with 85 alarms Sunday, the least number, 58. The boxes that were “ pulled,” (not always bv the police) the greatest number of times, were No. 288, located c rner Des Plaines and Randolph streets, and No. 431, corner Throop and Twelftn streets, each sending eight alarms. Many of course were not used at all.
THE REPAIR SHOPS.
The following is the report of Assistant Marshal Petrie, in charge of the repair shops:
M. Benner. Fire Marshal and Chief of Brigade :
I have the honor to make the following report, as the work performed by this branch of the service for the past fiscal year; also the cost of each apparatus since my last report, and the condition of the same up to date :
The brass foundry, started in connection with the repair shop, has proved very beneficial to the Department, thereby saving a great expense; 3740 pounds of casting were made in the same in the past year; there was also a great amount of work done in the same for the Fire Alarm Telegraph, in making Battery Supplies, which is not included in the above.
The following named apparatus received general repairs and have been rebuilt during the past year :
Propeller Engine No. 10 changed to horse Engine No. 14. New fire-box and flues
New fire-box and flues Nos. 19, 20, 22, 23 and 27.
Hose Carriages and Reels Nos. 7, 8, 13, 15, 18 and 23.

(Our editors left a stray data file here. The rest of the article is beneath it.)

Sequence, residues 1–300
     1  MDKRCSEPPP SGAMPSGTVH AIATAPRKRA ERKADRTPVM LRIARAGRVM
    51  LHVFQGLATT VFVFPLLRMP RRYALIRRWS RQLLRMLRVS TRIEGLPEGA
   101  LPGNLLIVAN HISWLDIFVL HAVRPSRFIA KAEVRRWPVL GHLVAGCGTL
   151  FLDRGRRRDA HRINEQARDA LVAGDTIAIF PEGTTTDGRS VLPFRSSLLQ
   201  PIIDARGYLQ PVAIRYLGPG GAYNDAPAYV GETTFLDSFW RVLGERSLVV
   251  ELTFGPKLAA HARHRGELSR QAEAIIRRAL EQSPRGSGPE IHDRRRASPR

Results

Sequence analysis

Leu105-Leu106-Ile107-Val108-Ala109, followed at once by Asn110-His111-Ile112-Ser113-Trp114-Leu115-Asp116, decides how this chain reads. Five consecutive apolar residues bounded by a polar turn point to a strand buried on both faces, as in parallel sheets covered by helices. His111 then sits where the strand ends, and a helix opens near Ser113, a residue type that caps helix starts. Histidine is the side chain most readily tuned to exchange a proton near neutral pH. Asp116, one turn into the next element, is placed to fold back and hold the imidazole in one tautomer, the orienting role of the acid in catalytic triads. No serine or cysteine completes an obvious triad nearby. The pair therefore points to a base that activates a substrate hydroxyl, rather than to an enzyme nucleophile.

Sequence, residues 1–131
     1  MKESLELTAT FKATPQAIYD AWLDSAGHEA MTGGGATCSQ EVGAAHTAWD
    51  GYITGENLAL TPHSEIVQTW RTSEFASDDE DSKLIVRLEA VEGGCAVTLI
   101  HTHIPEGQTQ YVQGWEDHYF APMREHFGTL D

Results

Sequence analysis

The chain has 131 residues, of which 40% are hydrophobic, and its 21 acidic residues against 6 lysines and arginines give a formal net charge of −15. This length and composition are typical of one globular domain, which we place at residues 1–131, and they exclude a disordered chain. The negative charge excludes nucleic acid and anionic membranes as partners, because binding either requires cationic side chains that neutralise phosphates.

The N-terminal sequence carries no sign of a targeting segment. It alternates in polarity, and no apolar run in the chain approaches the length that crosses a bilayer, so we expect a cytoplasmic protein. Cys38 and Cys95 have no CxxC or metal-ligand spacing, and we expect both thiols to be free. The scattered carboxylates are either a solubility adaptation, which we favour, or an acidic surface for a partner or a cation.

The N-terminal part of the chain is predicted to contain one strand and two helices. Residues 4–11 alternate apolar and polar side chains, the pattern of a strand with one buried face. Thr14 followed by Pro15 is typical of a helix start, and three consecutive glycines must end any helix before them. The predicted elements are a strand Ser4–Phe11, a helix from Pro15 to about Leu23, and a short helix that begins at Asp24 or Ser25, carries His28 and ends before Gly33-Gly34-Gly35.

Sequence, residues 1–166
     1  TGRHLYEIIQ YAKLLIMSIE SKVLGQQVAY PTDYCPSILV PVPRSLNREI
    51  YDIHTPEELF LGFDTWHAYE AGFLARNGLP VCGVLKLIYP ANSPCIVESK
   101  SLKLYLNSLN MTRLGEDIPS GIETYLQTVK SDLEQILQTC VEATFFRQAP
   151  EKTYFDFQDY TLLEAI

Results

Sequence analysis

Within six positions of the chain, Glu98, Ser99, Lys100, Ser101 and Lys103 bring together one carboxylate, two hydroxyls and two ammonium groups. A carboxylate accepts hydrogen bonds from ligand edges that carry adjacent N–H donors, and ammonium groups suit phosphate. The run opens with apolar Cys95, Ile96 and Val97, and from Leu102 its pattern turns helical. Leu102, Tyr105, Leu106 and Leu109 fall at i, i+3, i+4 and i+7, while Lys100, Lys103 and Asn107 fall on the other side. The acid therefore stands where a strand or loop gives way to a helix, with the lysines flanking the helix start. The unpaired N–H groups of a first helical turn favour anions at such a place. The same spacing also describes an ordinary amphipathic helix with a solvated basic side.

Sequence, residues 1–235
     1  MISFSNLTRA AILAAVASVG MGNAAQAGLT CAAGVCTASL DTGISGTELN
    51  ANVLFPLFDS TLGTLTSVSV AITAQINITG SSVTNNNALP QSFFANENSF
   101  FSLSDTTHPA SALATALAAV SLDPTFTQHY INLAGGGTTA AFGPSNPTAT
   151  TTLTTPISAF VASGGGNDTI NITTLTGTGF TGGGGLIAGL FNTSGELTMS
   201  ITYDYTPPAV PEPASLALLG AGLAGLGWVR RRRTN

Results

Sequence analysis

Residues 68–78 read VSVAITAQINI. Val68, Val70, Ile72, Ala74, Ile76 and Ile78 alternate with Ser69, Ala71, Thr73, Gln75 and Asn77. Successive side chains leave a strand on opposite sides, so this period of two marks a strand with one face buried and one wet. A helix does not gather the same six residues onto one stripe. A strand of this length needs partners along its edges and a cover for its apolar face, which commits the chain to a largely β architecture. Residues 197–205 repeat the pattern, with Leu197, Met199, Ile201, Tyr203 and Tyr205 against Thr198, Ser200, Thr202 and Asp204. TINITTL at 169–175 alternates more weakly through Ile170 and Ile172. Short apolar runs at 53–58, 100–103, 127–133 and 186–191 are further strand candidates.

Hook and Ladder Trucks Nos. 2, 4 and 6.
Batallion Wagons rebuilt, 4.
All of which arc now in first-class condition and as good as new.
The following Engines are in very poor condition especially the boilers, which are in an unsafe condition and liable to give out at any time; and I would recommend that they be replaced as soon as possible by new ones : Nos. 2, 7. 16 and 20.
I would recommend that the following Engines be rebuilt: Nos 9. 13,15. 24 and old substitute Engines Nos. x and 8 ; and that the propeller Engines Nos. 1 17 be changed to horse Engines.
Hook and Ladder Trucks Nos. 1 and 3 also require a general overhauling. The Hose Carriages of Engine Companies Nos. 4,6, 9andi2should also be rebuilt, and those of Engine Companies Nos. 16 ard 26 should be replaced by new ones, as they have become old and worn out by long service.
Below you will find an itemized account of the cost of each apparatus for the past year.
In conclusion I wish to return my sincere thanks to yourself, the Committee on Fire and Water, and the chief officers and members of the Fire Department for the earnest support given to this branch of the Service for the past year.
CHARI.ES S. PETRIE,
Second Assistant Fire Marshal in charge of Repair Shop.
Expenses for Repairs to Machinery during the Year.
The following statement exhibits the expenses for repairs to the machinery of the Department for the past year, in comparison with that of the eight years previous :
† Including cost of rebuilding old Engines Nos. 5, 6, 12 and r8.
E’irst Assi-tant Marshal D. J. Sweenie, Inspector of the Department, reports 18 Engines in good condition, 7 fair and 4 poor ; Hook and Ladder Trucks, 5 good, 1 fair, 2 poor; two-wheel Hose Carts, 12 gojd, 5 fair, 4 poor; four wheel Hose Carriages, 7 good, 1 poor. The following shows the amount and condition of hose on hand .